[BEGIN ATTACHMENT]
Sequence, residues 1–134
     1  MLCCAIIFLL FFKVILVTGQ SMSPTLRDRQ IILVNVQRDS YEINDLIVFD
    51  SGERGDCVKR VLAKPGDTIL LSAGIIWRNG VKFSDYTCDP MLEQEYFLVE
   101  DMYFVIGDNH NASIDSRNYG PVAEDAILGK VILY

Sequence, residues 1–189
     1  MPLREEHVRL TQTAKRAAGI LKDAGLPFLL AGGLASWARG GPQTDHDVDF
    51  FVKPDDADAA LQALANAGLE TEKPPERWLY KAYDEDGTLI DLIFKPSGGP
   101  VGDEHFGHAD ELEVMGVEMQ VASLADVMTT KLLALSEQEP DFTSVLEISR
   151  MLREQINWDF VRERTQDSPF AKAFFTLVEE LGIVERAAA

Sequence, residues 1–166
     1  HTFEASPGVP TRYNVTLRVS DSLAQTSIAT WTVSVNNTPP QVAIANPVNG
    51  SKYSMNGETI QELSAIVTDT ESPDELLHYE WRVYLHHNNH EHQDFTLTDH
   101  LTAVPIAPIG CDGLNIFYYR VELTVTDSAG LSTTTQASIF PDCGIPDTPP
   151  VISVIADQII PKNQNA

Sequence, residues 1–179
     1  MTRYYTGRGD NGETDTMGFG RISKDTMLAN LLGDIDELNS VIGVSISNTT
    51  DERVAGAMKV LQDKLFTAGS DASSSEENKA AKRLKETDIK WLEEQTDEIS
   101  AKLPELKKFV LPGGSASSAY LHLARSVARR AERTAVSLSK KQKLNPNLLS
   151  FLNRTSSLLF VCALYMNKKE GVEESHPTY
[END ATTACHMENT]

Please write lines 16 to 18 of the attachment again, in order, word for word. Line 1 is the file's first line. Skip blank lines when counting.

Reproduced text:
     1  MTRYYTGRGD NGETDTMGFG RISKDTMLAN LLGDIDELNS VIGVSISNTT
    51  DERVAGAMKV LQDKLFTAGS DASSSEENKA AKRLKETDIK WLEEQTDEIS
   101  AKLPELKKFV LPGGSASSAY LHLARSVARR AERTAVSLSK KQKLNPNLLS